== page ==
Skip to main content

William Yale papers

Call Number: MS 658

Scope and Contents

To a large degree the William Yale Papers consist ofcopies of miscellaneous documents (official, semi-official and private; American as well as French, British and Middle Eastern in provenance) pertaining to the break-up and reorganization of certain segments of the old Ottoman Empire during the years 1917-1919. The bulk of the material deals with Syrian, Palestinian, Arab and Zionist affairs.* As Yale himself explained (in a letter sent to Charles Seymour in 1928, when Yale made the gift of his papers to the Yale University Library): "Some of these documents are [also to be found] in the Hoover Collection at Stanford, some are at Princeton, and most of them [are] in the files of the Department of State or the War Department. However, some of them are not in any collection." A few additional items were incorporated at a more recent date: these include Yale's report on Henry Morgenthau's secret mission to Constantinople in 1917; a letter from Jamal Husseini (written in 1962) describing a meeting organized in 1921 between Weizmann and a group of prominent Arabs to discuss Zionist demands in Palestine; and a letter addressed to Yale by the legendary T. E. Lawrence, describing in vivid detail the Arab occupation of Damascus.

* Most of the items in the collection are in English, although a good many of them are copies-in-translation of Arab or Hebrew originals.

The William Yale Papers, comprising roughly 160 folders, are divided into seven series:

I. General Correspondence (1 box)

(very limited number of items)

II. Wartime Intellegence Reports, 1917-1918 (1 box)

This series is subdivided as follows:

(a) Reports Nos. 1-34 [including covering letters from Yale to Leland Harrison]; plus three preliminary reports [1917], one diary excerpt, and a Résumé of Nos. 1-34.

(b) Reports sent to U. S. Military Attaché, London [incomplete set; arranged chronologically]

(c) Miscellaneous official communications with Department of State, 1917 June 30 - 1918 July 19

III. Miscellaneous Materials on Palestine (1 box)

(arranged chronologically)

IV. Miscellaneous Materials on Syria (1 box)

(arranged chronologically)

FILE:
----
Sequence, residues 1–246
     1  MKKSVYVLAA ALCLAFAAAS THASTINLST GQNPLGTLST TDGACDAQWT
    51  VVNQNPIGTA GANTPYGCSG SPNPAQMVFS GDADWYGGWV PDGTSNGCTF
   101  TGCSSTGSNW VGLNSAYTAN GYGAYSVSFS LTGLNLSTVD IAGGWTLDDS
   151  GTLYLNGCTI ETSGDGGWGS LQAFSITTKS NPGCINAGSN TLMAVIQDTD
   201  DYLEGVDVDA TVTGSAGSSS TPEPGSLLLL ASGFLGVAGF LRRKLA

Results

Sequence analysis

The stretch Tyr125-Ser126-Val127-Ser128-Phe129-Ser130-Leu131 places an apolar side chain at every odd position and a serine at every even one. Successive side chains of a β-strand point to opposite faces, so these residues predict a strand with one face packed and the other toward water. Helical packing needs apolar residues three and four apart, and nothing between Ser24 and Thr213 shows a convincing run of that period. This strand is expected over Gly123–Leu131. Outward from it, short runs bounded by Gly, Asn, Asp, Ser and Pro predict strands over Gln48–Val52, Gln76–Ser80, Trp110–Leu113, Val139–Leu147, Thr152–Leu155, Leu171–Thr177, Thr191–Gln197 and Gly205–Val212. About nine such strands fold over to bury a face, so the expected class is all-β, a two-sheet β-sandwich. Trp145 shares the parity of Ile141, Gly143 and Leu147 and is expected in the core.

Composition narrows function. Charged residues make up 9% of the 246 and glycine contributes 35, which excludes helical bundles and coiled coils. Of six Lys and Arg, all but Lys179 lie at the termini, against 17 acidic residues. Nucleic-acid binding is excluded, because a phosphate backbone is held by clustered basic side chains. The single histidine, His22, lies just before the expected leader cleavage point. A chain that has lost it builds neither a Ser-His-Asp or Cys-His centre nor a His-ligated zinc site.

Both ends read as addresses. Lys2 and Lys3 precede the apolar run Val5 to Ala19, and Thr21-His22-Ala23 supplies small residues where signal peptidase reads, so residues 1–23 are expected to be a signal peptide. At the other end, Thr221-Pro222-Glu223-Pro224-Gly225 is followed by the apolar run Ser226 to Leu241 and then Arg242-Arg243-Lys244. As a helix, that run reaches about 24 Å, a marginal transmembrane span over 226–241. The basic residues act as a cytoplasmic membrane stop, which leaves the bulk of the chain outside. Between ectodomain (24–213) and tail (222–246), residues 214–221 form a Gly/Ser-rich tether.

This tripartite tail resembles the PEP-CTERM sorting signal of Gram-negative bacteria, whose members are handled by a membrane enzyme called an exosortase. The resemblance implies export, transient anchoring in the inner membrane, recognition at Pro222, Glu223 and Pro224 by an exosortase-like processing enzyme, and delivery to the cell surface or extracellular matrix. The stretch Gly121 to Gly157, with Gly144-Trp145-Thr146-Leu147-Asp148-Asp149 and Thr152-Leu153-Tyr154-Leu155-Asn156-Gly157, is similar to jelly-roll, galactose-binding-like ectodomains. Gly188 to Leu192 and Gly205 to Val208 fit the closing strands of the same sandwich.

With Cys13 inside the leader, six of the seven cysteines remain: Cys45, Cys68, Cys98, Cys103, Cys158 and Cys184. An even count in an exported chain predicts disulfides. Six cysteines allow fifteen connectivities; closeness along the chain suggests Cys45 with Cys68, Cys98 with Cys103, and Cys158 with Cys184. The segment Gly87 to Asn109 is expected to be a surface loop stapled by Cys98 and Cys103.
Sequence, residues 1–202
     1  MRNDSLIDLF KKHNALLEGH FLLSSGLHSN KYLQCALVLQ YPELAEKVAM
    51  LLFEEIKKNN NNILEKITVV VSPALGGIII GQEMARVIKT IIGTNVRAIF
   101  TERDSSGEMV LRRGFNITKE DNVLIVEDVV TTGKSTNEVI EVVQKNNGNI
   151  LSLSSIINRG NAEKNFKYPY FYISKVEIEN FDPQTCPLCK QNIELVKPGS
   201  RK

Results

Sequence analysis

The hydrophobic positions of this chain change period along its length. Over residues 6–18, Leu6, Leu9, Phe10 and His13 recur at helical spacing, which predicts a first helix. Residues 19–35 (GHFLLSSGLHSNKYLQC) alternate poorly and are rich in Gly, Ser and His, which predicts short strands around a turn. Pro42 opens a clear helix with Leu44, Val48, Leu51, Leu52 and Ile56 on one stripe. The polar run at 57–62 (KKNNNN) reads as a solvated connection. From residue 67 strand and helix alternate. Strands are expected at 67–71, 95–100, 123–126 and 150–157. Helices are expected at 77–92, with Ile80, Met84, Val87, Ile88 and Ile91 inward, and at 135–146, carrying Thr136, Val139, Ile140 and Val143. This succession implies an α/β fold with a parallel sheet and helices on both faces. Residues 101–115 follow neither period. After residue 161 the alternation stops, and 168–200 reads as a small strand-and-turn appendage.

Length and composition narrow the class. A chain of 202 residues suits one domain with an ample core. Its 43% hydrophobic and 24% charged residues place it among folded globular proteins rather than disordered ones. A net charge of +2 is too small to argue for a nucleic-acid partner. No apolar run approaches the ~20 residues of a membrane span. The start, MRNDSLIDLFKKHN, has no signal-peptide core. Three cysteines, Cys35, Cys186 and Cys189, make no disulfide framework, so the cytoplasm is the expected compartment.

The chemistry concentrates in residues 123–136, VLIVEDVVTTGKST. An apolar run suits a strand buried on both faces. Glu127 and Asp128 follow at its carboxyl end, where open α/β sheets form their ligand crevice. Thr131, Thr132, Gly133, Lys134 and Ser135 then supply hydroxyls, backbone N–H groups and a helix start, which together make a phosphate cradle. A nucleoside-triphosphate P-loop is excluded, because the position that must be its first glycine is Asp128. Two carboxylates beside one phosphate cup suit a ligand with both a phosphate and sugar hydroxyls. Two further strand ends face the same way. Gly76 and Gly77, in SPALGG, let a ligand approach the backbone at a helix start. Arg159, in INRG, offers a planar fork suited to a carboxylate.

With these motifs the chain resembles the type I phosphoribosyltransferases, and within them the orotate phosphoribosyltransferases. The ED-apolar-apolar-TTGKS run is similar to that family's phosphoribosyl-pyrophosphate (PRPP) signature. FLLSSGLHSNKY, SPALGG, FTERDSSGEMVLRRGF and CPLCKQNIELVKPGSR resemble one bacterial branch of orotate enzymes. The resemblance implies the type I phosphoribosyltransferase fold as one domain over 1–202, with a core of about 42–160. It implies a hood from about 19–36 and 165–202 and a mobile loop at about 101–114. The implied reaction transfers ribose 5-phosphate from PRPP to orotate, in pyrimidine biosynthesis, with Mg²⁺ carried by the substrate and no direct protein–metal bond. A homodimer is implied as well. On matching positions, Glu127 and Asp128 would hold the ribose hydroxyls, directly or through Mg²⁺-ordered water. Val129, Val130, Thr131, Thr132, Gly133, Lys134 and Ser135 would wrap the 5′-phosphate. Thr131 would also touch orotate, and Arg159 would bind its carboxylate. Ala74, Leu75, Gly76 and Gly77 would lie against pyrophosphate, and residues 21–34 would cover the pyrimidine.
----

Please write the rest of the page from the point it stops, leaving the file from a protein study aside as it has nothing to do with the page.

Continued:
V. Miscellaneous Materials on Arabs and Arabia (1 box)

(arranged chronologically)

VI. Miscellaneous Paris Peace Conference Materials (1 box)

(arranged chronologically)

VII. Miscellaneous Items (1 box)


  • 1915-1919


Conditions Governing Access

The materials are open for research.

Conditions Governing Use

Copyright status for collection materials is unknown. Transmission or reproduction of materials protected by U.S. Copyright Law (Title 17, U.S.C.) beyond that allowed by fair use requires the written permission of the copyright owners. Works not in the public domain cannot be commercially exploited without permission of the copyright owners. Responsibility for any use rests exclusively with the user.

Immediate Source of Acquisition

Gift of William Yale, 1928.


Arranged in seven series: I. General Correspondence. II. Wartime Intelligence Reports. III. Miscellaneous Materials on Palestine. IV. Miscellaneous Materials on Syria. V. Miscellaneous Materials on Arabs and Arabia. VI. Miscellaneous Paris Peace Conference Materials. VII. Miscellaneous Items.


2 Linear Feet (7 boxes)

Language of Materials


Catalog Record

A record for this collection is available in Orbis, the Yale University Library catalog

Persistent URL


Correspondence, intelligence reports, and other papers of William Yale, author, diplomat and professor. The papers relate primarily to problems in the Near East during and immediately after World War I. Included are reports and agreements concerning Palestine and Syria and various reports by special commissions on Turkey, Arabia, and Zionism. There is also material relating to the Paris Peace Conference.

Biographical / Historical

William Yale (a collateral descendant of Elihu Yale) was born in Dobbs Ferry, N.Y., on August 6, 1887. He attended the Lawrenceville School and received his Ph.B. degree from Yale as a member of the class of 1910-S. For the next five years Yale worked in various administrative capacities for the Standard Oil Company of New York, particularly in the Near East. He eventually became SOCONY'S chief representative in Jerusalem, where he resided continuously from June 1915 to March 1917 and where he acquired a speaking knowledge of Arabic and a thorough knowledge of French. He left Palestine in early March 1917 and proceeded to Constantinople, for the most part traveling over the Bagdad Railroad and passing through Damascus, Aleppo, Tarsus, Koniah and Eschi Seher. He returned to the United States soon after America's entry into the First World War.

For a short while afterward, Yale worked with the American Field Service in Washington, D.C. Then, in August 1917, he received an appointment as a Special Agent of the Department of State with instructions to proceed to Egypt. Yale stopped first in London, where he held consultations with William H. Buckler (Colonel House's special liaison man at the American Embassy), with members of the British Military and Admiralty Intelligence Offices, as well as with the heads of the various Middle Eastern Relief Committees. He also visited Paris, where he conferred with many Zionist and Arab leaders (including Boghos Nubar Pasha). Finally, traveling via Rome, Taranto and Malta, he arrived in Alexandria on October 19, 1917.